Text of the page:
Discussion in 'Saw Pictures and Measurements' started by ray, Aug 24, 2008.
Conversion table, to convert Saw Plate thicknesses to thousanths of inch
Thank you - tho' to me this remains a puzzle-area, despite fairly recent published research. Charles Holtzappfel in the second volume of Turning and Mechanical Manipulation (1847 - but took decades to write, so some info outdated on publication) gives a well-known table of gages for backsaws:
. . . which would seem to settle the measure as "Birmingham Wire Gage" . . . but a table in Velkar's: Emergence of the British Standard Wire Gauge (2007), derived from Thomas Hughes' The English Wire Gauge (1879), might infer a closer relationship to the Manchester Wire Gauge:
. . . given that 10" dovetail saws of this sort of era, if toothed in the ppi range of 14-18, were generally constructed of 20 thou plate.
But alas this happy agreement of 20 thou/24 MWG is singular, immediately made uncomfortable by the huge jump between 23 MWG ((roughly) 22 thou), and 22 MWG (30 thou); whereas 11 ppi 14" Sash Saws of this era are as a generality found to be plated at 25 thou.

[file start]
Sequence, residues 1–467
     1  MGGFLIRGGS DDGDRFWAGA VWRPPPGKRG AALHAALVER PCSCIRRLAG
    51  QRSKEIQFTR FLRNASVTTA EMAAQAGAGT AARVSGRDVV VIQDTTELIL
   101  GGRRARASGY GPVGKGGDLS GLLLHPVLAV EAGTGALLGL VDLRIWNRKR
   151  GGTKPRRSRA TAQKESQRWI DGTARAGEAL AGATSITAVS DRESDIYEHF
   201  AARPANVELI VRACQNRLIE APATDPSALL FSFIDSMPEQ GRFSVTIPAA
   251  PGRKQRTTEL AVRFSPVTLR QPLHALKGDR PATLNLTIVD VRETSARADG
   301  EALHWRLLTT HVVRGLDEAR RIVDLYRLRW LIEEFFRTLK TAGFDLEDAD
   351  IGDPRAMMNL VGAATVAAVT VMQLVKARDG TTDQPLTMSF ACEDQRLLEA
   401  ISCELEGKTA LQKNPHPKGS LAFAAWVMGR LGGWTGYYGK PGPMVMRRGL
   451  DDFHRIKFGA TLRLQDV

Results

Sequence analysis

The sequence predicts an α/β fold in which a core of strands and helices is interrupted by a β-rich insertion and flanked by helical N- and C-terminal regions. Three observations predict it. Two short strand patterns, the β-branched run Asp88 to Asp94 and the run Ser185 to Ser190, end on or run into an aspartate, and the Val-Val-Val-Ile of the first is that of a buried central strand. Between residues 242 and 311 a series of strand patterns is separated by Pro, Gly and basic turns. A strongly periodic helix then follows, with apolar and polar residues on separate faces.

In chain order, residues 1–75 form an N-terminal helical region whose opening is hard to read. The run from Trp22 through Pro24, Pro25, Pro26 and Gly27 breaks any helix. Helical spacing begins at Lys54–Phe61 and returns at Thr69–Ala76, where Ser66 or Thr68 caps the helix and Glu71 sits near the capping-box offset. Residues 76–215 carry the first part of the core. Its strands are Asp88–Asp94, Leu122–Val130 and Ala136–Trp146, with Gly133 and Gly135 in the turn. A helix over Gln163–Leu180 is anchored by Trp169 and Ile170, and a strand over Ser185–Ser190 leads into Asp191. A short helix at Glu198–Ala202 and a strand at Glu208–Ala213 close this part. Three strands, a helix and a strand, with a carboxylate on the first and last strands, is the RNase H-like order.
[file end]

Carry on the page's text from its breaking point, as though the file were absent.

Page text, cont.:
. . . . to which which none of the above scales agree.
Happy are we to live in an age of few Standards.
Thanks for that update. I think my conversions obviously went awry somewhere along the line. I was under the impression that earlier small dovetail saws were more like 15 thou to 18 thou.
Hi - indeed many were. The hassle with gage tables is there were so many local ones, changing - wearing with their prime draw-plates - through the decades. Holtzappfel was as you know - alongside Stubs - a strong advocate of absolute gauges relative to thou; but his above table of backsaw properties - alongside gage - appear far away from actual practice.
Edit: for an actual saw-maker’s plate-thickness gauge, made by STUBS/Sanderson Bros. & Newbould, see this post
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